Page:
Who doesn’t like eggs for dinner. This recipe is a great way to highlight the egg. It was inspired by halfbakedharvest.com. Originally made with polenta, fontina cheese and goat cheese. Sounds yummy right? My version is made with potatoes (thinly sliced roasted golden Dutch potatoes) since I had a bounty of these in my pantry. I also used way less butter (actually no butter) and in place of Fontina cheese I substituted *Pecorino Romano Cheese since it gives us those omega 3’s. Read More →
This is essentially a large chickpea pancake from Provence (and neighboring Liguria, where it’s called farinata). It’s traditionally cooked in wood ovens on copper disks, roughly cut and served hot or warm. (In the main market in Nice, it’s baked a few hundred yards away and delivered by bicycle, to be wrapped in paper and eaten on the street.) If you have no wood or copper, that’s no problem. They’re great in a cast iron skillet, non stick skillet or in a pizza pan in your oven, and totally foolproof. You can make this bread in so many varieties; tonight I chose to use some Turkish spices so it’s Europe meets the Middle East. These wonderful Turkish spices are from Spice Madam http://spicemadam.com/ and the end results was delicious!!!
To make my Socca tonight (which was served with a Horitiki Salad find salad recipe here )I used…
1 tsp Urfa Pepper - also known as Isot pepper it is mildly spicy compared to most other peppers and has an almost raisin or chocolate-like smoky flavor. The smokiness pairs well with cheeses like feta and makes a nice addition to a cheese plate. In main dishes, it works well in combination with other spices. It even works well in desserts containing chocolate, gingerbread and vanilla.
1 tsp Sumac – a beautiful burgundy spice made from the berries of the Sumac bush. Sumac has a light, tart, almost lemony taste and is a natural antimicrobial, antioxidant and anti-inflammatory agent. In Turkey it is cooked into dishes, sprinkled on top of food right before serving, or left n the table as an alternative to salt & pepper.
1 tsp Nigella Seeds – This spice is the seed of the Nigella Sativa plant in the Ranunculaceae family and in the Middle East is called “Habbatul barakah”, meaning “the seeds of blessings”. These vitamin-packed seeds are high in antioxidants & amino acids. They help controld cholesterol, build the immune system and promote the growth of healthy & shiny hair. It is also known as ‘the black seed’ and its peppery, nutty taste adds a smoky flavor to Turkish recipes, or in this case a wonderful French bread called Socca. For the full recipe of Socca bread and to see how easy and fool proof it is to make follow the link in the title up above. Read More →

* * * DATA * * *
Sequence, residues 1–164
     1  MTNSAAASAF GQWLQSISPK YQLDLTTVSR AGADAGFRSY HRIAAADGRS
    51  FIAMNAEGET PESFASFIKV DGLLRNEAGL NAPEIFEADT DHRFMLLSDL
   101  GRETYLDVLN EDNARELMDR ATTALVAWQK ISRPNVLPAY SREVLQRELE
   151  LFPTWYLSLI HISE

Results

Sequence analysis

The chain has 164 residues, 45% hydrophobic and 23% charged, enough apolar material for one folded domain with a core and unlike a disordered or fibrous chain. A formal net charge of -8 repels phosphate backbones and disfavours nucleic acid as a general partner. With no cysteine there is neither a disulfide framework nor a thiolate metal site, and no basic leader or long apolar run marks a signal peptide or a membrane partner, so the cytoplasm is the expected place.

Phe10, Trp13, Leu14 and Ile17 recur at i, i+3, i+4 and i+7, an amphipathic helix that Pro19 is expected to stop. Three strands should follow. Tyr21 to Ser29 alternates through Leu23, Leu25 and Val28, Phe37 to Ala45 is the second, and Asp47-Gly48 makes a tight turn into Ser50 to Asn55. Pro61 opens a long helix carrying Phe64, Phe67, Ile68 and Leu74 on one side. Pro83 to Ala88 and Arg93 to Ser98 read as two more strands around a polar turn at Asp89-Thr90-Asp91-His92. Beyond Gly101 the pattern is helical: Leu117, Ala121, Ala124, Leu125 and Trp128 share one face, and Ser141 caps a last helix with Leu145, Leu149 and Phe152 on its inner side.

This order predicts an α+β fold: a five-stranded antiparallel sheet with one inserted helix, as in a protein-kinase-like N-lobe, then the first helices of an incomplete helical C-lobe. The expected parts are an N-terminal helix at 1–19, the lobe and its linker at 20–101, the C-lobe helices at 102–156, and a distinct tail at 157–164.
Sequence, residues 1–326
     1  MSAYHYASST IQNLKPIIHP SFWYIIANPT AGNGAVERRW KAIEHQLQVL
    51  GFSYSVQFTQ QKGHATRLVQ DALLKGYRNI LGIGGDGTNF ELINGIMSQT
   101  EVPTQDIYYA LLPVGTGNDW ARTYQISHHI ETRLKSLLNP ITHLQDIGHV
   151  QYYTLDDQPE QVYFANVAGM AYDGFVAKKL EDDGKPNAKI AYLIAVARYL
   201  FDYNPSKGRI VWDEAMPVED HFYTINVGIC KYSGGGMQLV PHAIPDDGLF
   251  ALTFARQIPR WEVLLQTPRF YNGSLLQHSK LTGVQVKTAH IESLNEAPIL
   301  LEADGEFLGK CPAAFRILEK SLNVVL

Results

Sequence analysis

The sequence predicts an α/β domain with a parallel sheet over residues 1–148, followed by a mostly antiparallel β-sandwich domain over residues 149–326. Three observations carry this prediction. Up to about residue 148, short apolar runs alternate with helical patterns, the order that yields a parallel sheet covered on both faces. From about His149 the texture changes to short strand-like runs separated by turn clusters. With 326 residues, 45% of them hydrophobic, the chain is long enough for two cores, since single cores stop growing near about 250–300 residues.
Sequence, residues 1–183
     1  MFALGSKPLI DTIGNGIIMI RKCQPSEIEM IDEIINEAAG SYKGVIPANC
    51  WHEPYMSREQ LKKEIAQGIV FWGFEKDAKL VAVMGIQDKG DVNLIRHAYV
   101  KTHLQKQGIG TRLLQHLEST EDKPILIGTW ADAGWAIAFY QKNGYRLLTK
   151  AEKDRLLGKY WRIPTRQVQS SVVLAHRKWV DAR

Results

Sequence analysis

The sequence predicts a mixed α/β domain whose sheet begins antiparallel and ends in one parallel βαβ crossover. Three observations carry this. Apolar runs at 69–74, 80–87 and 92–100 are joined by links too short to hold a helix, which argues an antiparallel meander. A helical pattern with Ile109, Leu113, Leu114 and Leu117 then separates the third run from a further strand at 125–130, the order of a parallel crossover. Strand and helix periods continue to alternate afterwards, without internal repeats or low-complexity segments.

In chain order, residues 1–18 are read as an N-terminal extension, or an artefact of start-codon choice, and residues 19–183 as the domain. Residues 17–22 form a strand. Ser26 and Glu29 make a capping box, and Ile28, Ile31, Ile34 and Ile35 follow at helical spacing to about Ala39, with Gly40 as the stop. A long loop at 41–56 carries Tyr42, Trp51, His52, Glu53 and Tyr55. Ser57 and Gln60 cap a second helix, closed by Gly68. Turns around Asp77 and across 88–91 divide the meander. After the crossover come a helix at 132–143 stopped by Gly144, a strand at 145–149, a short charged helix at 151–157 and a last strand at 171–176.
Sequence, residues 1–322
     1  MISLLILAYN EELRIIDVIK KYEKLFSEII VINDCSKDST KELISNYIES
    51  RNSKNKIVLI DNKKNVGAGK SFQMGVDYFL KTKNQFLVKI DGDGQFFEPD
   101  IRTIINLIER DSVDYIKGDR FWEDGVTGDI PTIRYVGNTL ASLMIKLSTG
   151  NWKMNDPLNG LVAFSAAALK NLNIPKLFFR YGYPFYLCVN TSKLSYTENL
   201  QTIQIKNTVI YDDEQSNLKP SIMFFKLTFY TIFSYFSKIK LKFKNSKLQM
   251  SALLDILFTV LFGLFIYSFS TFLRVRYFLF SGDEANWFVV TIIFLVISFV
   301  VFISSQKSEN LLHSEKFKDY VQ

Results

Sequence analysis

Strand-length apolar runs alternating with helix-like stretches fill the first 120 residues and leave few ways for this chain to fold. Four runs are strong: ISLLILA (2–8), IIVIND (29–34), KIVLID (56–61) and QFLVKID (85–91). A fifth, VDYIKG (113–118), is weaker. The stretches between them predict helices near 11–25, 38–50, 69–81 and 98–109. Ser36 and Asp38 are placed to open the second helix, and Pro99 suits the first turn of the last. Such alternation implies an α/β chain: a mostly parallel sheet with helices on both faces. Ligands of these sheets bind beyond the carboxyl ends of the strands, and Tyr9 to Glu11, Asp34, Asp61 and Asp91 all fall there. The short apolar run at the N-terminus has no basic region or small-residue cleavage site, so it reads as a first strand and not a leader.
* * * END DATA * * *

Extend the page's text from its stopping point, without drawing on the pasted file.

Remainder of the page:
Apparently, women think about chocolate more than men. Some scientists think this is because eating cacao helps release a cavalry of dopamine in the female brain. Either way this delicious parfait is wonderful breakfast, especially after a 4 mile jog with your hubby or yourself. I put this together for myself this morning and the fancy glass is not just for the photo. I always make my parfaits in these glasses because we eat with eyes too. This one has frozen wild organic blueberries which I thaw in the microwave Read More →
This recipe came about when I was trying to think of something to do with the lox we had in our refrigerator. Funny thing is I was so absorbed in figuring out all the other ingredients that I forgot to put in the lox, go figure. Happy to say it was still really delicious but next time I will add the lox to boost the protein and because I really do think the flavor combination will be quite delicious. Read More →
This pasta recipe uses a hard salty shredded cheese known as Myzithra, if in Greece, or Ricotta Salata if in Italy. This cheese is made with milk and whey from sheep and/or goats. It is milky white in color with firm texture and salty taste. The cheese is often used in salads and ideal for slicing, crumbling and grating. You can certainly use your favorite GF pasta here, we opted this evening to use an organic black bean pasta/spaghetti from Explore Authentic Asian Cuisine; it’s quite nutritious and high in protein. A single serving of 50g contains 25g of protein and 12g fiber.